U.S. stock futures are trading lower premarket. But, honestly, what’s new? Down gaps are becoming a daily occurrence, only occasionally interrupted by an up gap. The headline for today is “the summer chop continues.”
Against this backdrop, futures on the Dow Jones Industrial Average are down 0.31%, and S&P 500 futures are lower by 0.38%. Nasdaq-100 futures have shed 0.60%.
In the options pits, overall volume levels fell off a cliff yesterday. Calls proved more popular than puts adding to 14.6 million contracts versus 11.8 million traded for puts.
The ebb in put demand sent the CBOE single-session equity put/call volume skidding to 0.57 — a two-week low. The 10-day moving average finally rolled over, falling to 0.71.
Options trading for individual stocks was a veritable snooze fest. Many of the companies that landed on the top ten list didn’t even exceed their average daily volumes. Today we’ll breakdown Kohl’s (NYSE:KSS), Bank of America (NYSE:BAC) and Micron Technology (NASDAQ:MU).
Let’s take a closer look:
Kohl’s reported earnings on Tuesday and investors were not pleased by the results. The selling frenzy took KSS stock down 12.3% amid colossal trading volumes. By day’s end, 26 million shares had changed hands, marking the highest volume session since January 2017.
With the downdraft, shares of the retailer now sit at an eighteen-month low, submerged well beneath all major moving averages. The gap places KSS in no man’s land from a price chart perspective, and that makes it challenging to build out a trade. Perhaps the best play is to wait for some type of relief rally, then deploy bear trades when it fails.
For a more in-depth view on the earnings numbers, go here.
On the options trading front, traders gobbled up put options. Activity ballooned to 522% of the average daily volume, with 76,111 total contracts traded; 62% of the trading came from put options alone.
Ahead of the number, options were anticipating a gap of $4.25 or 6.7%, so the 12.3% doubled expectations. Volatility buyers via straddles or strangles won the day. Implied volatility fell throughout the day, landing at 36% or the 29th percentile of its one-year range.
Bank of America (BAC)
The price chart of BAC stock provides little excitement. Even when it’s trending, it lacks the sexiness of a tech stock. Unfortunately, it doesn’t even have that going for it. Outside of the quick jump that kicked-off the new year, BAC has been stuck in a choppy trading range between $28 and $30. At present, it’s basing at the lower end of the range.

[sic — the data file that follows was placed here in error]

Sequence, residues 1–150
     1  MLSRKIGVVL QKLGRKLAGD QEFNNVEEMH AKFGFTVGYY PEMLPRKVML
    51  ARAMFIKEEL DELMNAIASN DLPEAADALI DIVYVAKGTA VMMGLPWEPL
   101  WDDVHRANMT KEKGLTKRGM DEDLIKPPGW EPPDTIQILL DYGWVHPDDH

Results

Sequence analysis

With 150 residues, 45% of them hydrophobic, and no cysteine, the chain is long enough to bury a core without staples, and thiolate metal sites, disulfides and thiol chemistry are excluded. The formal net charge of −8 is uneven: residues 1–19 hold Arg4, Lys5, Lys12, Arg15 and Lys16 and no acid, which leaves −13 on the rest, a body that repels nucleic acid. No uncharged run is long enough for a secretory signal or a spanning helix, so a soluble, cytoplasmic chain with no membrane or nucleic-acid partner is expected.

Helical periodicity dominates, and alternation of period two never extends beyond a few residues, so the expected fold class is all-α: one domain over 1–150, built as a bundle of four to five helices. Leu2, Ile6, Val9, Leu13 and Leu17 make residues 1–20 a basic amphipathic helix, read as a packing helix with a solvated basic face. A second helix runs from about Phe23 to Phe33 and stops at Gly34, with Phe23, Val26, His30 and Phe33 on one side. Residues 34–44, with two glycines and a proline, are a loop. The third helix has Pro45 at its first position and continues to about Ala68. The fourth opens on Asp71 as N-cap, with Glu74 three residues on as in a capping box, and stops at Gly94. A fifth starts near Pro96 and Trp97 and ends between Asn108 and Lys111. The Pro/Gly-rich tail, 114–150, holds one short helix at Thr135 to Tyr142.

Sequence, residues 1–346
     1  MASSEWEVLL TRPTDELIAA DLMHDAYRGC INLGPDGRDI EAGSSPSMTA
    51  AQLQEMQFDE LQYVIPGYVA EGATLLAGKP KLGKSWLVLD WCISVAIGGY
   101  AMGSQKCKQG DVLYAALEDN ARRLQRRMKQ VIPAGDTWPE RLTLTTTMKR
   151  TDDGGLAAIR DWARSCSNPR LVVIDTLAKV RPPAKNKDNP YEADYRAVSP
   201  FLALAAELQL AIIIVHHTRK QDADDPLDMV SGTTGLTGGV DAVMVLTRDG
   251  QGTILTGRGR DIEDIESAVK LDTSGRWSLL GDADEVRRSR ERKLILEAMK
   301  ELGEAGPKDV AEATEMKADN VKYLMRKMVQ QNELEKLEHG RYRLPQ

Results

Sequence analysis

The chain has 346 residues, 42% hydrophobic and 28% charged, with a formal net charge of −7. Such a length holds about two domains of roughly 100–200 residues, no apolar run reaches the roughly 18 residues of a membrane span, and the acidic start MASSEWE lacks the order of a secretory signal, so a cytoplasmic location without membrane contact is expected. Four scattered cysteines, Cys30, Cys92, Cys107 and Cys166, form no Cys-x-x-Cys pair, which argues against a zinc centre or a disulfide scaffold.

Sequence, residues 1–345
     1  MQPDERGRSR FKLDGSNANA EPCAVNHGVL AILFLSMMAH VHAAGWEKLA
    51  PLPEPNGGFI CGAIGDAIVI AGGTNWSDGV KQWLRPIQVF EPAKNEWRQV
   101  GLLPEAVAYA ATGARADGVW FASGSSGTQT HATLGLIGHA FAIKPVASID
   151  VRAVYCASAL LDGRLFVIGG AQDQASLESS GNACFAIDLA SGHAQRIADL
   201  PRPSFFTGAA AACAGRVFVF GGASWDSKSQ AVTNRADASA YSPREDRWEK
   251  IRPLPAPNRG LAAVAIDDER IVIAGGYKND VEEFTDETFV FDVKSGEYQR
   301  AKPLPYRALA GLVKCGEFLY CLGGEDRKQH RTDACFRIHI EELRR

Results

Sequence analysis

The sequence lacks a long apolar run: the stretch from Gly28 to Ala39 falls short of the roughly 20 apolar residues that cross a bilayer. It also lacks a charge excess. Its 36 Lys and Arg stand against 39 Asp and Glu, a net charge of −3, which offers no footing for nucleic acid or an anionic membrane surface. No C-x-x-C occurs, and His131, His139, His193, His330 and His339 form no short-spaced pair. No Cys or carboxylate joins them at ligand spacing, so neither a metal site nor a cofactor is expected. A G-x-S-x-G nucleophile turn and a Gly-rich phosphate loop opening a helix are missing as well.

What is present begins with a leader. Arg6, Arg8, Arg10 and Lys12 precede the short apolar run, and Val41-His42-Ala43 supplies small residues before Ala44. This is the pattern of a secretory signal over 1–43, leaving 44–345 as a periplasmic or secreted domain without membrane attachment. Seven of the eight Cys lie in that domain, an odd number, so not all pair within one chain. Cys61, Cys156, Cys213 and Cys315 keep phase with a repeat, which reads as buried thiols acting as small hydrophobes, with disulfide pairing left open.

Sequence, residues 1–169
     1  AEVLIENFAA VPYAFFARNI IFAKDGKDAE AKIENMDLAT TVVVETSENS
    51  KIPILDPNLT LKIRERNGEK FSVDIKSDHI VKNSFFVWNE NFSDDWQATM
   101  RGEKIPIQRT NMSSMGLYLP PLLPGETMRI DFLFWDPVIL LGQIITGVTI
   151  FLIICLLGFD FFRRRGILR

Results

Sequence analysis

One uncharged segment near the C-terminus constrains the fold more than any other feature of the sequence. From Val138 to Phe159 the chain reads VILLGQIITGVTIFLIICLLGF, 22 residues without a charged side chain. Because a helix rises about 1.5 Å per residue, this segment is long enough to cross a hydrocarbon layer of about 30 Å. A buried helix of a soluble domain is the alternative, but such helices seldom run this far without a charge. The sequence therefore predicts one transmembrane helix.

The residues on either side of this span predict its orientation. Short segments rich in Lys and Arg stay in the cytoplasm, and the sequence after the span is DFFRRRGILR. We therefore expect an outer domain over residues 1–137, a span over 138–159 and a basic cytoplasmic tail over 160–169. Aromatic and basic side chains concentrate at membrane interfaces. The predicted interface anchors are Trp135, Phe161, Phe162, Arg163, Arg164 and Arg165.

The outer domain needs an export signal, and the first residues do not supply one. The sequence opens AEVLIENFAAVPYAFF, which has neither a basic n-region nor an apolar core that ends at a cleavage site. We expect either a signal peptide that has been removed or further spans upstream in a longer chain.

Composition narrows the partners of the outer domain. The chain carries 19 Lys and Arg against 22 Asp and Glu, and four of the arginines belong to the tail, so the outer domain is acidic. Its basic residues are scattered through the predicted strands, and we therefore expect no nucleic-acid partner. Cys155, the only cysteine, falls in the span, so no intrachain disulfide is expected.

If you’re inclined to trade it, I suggest cash flow plays like covered calls and naked puts. Directional trades are too hard right now.
On the options trading front, traders favored calls over puts. Total activity came in slightly below normal at 98% of the average daily volume, with 234,336 contracts traded. Calls claimed 34% of the sum.
Implied volatility slipped to 24% placing it at the 25th percentile of its one-year range. Premiums are quickly becoming cheap here. The expected daily move is 44 cents or 1.5%.
The recent trade war flare-up has proved particularly painful for semiconductors. Since topping out last month, MU stock has fallen 20% — entering a Wall Street defined bear market in the process. Yesterday’s market rally lifted the ailing chip company from the depths, for a day at least.
Unfortunately, there’s still plenty of overhead resistance and one up day does little to change the overall downtrend. More evidence is needed before the trend has turned higher.
As far as options trading goes, puts were the hot ticket of the day. The total activity ended at 93% of the average daily volume, with 117,729 contracts traded. Puts accounted for 65% of the tally.
Implied volatility dropped to 49% landing it at the 39th percentile of its one-year range. It’s still high enough to make short premium strategies compelling. The expected daily move is now $1.11 or 3.1%.
As of this writing, Tyler Craig didn’t hold a position in any of the aforementioned securities. Check out his recently released Bear Market Survival Guide to learn how to defend your portfolio against market volatility.